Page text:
What is a Christian Worldview of Aging?

By Sean McDowell Mar. 15, 2017 9:00 a.m. Marriage and Family, Spiritual Formation, Theology

The goal of this blog is for me to soak up wisdom from my father and share it with you. I have been blessed to have an incredibly influential father, Josh McDowell. He has written over 150 books and spoken to more young people live than anyone in history. But what I appreciate most about my father is his love for my mom, for his kids, and now for his many grandkids. Enjoy!

Lessons from My Father: Aging

SEAN: Dad, what’s the key to aging well?

JOSH: The first key is to stay alive! Having regular physical check ups has been critical for me. I would suggest beginning around age forty. Second, live a good life without a lot of guilt, shame and regret. Third, maintain great memories. Once you hit 50, family pictures become much more important for maintaining a healthy perspective on life. Fourth, don’t slow down too much. Exercise, be active, and keep pursuing important things in life. Fifth, work on relationships. Being married to your mom has added years to my life. She has helped me so much in my life, especially coping with the sexual abuse I experienced as a child. And finally, have someone who worries about you. The other day I went jogging and it took longer than normal. My wife, and another of our friends, went looking for me. Later I thought, “Lord Jesus, thank you that there’s someone who will worry about me.” In the end, a lot of aging well is about having the right attitude.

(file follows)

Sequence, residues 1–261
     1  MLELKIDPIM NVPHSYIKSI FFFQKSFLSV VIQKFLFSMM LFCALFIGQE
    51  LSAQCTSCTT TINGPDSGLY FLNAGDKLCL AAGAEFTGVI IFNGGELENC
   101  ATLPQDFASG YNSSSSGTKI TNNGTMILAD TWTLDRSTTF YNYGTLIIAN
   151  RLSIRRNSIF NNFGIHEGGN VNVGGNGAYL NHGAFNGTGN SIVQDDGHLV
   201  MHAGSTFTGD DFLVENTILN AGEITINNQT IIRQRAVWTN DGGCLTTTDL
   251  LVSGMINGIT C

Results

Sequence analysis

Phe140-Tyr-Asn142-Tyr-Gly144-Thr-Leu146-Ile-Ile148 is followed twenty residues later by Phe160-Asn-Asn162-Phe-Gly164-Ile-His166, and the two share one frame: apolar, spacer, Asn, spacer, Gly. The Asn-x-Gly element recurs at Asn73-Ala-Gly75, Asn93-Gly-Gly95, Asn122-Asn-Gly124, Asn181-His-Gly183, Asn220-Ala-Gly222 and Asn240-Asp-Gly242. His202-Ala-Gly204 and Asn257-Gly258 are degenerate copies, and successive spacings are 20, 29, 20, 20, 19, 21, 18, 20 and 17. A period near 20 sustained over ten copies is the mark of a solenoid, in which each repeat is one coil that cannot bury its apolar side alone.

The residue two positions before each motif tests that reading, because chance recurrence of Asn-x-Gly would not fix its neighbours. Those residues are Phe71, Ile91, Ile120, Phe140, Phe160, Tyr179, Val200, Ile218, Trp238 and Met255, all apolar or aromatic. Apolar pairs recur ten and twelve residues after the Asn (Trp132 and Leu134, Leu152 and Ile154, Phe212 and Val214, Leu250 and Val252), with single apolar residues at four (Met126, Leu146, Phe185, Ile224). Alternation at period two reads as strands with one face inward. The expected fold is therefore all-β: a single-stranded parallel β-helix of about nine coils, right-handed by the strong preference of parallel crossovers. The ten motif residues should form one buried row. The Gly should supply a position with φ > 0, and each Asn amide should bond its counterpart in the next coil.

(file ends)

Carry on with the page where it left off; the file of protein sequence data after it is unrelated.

SEAN: How has aging changed the way you relate to God?

JOSH: I spend more time thinking about what eternity will be like. There are times when I am just excited about it. Sometimes I think, “O Lord, take me home today, I just want to see you.” Of course, I want to wake up every day and see my wife, kids, and grandkids as well. But as a whole, if you’re ready, you spend a lot more time thinking about eternity.

SEAN: How do you stay relevant to the church and culture as you age?

JOSH: Be informed. Know what’s going on now in the world, not 20 years ago. Second, be willing to change. Around 45-55, many pastors, and other leaders, become obsolete because they’re not willing to adapt to the world around them. Truth does not change but the way you present truth needs to change. Some leaders say, “I have always lead this way and it has worked.” Success, however, can be one of the greatest enemies to an impactful future. Never be satisfied with a past success. Never be satisfied with the status quo. That would be boring! Never be satisfied with your own life. How can your every day be something different, something learning? Third, you can give history. You can give trends and things that younger people can’t see. You can offer life experiences that young leaders have not been through. Finally, develop and pass on helpful and biblical principles. Principles transcend both time and age.

 

Sean McDowell, Ph.D. is a professor of Christian Apologetics at Biola University, a best-selling author of over 18 books, an internationally recognized speaker, and a part-time high school teacher. Follow him on Twitter: @sean_mcdowell and his blog: seanmcdowell.org. You can find the original version of this artical here.

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